The ’90s! It was a time of Jennifer Aniston hair, and also some of the other stuff that happened. Some of that stuff was tech!
The ’90s were a truly special time in tech — the World Wide Web came into being, owning your own computer went mainstream, and there were no Facebooks or Googles to corral everything into one place.
It was a wild time of awkwardness and fumbling exploration, so if you want to call it the adolescence of modern technology, we won’t stop you.
And, like those memories of adolescence, even though you’ll look back in horror at a lot of this ’90s tech, you won’t be able to help but smile.
Before we transcended physical media before we had those shiny DVDs and Blu-rays, we had the VHS tape and by extension the VCR.
Today, going to your pocket is as much as work as you need to do to watch a movie, but in the VHS days, you got a whole experience — going to Blockbuster, buying popcorn and candy at the convenience store next to the Blockbuster, then going home, watching the movie, and using the time it took to rewind the thing to actually discuss the movie.
I’d take those rewind conversations over Twitter 100 times out of 100!
Pour one out. Somehow, AOL Instant Messenger not only survived past its late ’90s-early ’00s heyday but survived all the way to December of last year, when it finally passed from this world.
For many of us, it was the first exposure to chatbots, the personal expression on the internet, and the lesson that it’s not cool to send messages to all your Buddies nonstop.
Also, you could go invisible online, which is really, really, really not a thing anymore.
A bulbous computer with a colorful semi-transparent back! What will they think of next?
Well, they thought of a lot of stuff, but very little of it let you peek inside, so point goes to the ’90s.
I don’t know, I remember mine pooped and died a lot. Good times I guess.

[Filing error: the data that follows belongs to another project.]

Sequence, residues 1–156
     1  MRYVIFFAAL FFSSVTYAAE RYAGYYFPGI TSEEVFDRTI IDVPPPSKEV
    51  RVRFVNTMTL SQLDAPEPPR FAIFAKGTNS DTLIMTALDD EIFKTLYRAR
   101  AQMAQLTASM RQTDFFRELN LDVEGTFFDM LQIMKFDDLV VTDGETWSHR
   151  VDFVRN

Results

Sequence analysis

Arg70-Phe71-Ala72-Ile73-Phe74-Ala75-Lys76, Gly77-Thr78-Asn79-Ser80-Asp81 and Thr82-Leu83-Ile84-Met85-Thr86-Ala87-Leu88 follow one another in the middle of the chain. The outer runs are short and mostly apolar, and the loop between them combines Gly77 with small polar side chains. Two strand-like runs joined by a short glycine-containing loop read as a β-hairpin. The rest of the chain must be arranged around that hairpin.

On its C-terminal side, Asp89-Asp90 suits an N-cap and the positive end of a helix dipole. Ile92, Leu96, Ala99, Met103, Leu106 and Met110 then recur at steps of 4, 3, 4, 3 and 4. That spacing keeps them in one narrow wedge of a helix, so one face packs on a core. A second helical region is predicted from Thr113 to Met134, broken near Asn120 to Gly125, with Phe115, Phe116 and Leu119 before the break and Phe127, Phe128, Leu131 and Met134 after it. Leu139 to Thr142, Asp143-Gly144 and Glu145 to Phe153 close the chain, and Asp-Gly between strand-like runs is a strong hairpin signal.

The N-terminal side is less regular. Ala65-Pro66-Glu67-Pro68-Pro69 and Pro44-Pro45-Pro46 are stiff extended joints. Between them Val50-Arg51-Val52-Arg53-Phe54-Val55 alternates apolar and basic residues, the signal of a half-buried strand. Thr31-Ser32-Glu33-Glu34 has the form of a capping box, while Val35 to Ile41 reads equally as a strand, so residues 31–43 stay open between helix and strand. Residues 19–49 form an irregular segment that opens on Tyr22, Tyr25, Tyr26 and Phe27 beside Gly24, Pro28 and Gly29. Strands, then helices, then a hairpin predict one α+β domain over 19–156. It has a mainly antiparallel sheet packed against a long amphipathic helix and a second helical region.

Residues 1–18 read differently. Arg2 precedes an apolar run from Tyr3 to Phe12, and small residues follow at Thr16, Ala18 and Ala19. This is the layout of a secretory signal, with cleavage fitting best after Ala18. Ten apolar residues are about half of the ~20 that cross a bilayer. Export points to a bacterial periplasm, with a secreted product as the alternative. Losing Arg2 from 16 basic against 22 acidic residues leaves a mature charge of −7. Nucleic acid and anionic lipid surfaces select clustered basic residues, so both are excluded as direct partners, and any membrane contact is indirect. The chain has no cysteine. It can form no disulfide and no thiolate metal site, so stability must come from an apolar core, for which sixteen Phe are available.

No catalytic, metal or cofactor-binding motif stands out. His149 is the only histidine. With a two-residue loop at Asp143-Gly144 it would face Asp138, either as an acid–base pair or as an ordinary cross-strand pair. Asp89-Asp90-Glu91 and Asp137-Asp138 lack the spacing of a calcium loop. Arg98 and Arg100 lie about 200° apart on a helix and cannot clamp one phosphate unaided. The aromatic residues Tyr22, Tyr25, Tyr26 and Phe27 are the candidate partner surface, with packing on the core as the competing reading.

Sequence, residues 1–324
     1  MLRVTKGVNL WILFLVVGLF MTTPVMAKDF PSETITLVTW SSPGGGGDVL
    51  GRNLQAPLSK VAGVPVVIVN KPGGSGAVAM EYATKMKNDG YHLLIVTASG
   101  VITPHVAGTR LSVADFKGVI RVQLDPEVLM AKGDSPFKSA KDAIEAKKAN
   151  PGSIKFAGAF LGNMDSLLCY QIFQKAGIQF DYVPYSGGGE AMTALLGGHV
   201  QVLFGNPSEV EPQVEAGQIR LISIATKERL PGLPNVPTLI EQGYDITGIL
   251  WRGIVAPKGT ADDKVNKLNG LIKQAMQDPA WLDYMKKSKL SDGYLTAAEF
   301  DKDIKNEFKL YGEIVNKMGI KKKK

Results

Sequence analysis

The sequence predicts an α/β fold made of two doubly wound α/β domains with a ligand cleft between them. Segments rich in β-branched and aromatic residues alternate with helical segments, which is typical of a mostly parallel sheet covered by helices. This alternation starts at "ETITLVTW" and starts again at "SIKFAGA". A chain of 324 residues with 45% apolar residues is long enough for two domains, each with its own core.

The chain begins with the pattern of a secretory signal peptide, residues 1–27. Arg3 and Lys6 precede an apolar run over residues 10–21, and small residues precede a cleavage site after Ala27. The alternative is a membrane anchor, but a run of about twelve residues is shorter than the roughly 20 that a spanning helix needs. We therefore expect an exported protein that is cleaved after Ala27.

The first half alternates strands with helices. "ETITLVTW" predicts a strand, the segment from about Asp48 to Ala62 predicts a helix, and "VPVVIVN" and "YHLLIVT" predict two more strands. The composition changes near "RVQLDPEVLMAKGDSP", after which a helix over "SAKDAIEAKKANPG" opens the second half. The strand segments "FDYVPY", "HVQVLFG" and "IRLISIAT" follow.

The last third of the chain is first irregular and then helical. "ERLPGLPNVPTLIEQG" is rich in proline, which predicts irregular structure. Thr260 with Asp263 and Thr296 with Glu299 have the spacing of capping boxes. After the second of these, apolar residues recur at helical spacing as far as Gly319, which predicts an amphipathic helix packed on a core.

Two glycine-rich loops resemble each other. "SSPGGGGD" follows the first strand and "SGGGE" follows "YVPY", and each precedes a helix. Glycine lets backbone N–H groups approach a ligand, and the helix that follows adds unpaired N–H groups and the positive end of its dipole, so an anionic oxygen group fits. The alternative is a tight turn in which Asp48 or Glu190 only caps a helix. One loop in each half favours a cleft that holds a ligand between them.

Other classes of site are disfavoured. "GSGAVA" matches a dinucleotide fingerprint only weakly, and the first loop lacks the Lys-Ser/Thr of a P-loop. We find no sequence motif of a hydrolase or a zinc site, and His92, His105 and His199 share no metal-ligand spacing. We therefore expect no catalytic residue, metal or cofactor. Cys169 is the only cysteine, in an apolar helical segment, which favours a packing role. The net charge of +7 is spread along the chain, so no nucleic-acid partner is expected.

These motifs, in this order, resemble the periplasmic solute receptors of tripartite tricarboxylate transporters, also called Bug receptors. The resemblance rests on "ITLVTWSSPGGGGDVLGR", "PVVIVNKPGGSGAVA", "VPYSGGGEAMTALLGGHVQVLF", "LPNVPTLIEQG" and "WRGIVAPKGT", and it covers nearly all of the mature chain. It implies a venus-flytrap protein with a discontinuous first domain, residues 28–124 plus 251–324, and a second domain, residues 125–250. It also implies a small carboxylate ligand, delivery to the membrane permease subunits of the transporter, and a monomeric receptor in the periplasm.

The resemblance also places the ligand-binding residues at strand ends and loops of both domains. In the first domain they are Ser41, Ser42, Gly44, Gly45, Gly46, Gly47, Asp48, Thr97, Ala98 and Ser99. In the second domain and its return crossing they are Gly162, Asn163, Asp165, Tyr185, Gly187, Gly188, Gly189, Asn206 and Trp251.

Also, don’t forget Neopets were a thing! Everyone always forgets about Neopets, who also pooped and died a lot.
They tried to make Tamagotchi a thing again, but it was really the right thing for the right time. You can’t recreate that magic.
Heck yeah. None of this easy mode photography we’ve got now. Back in the day of actual film rolls, you had to point, shoot, and then wait until you took enough pictures to fill up the roll and send it in for development.
It would be weeks, sometimes months, before finding out whether or not you totally botched that precious family memory. Exciting!
Before Myspace and Facebook provided us with social presence scaffolding, we were free to let our creativity run wild on Geocities sites.
The internet was so colorful back then. You can see some old one preserved on a site called Cameron’s World, which I can assure you is a wild time.
CDs were the new hotness in the ’90s.
Taking them with you on the bus and listening with those flimsy headphones that broke in your backpack after like three weeks? Even hotter.
Back when the brick Nokia phone built like a brick was actually awesome on its own merits, and not retro curiosities!
The browser of choice for the internet users of the ’90s who successfully resisted the barrage of AOL free trial CDs in the mail.
Even in the ’90s, I’m pretty sure Oregon Trail was the beginning and end of my experience with floppy disks.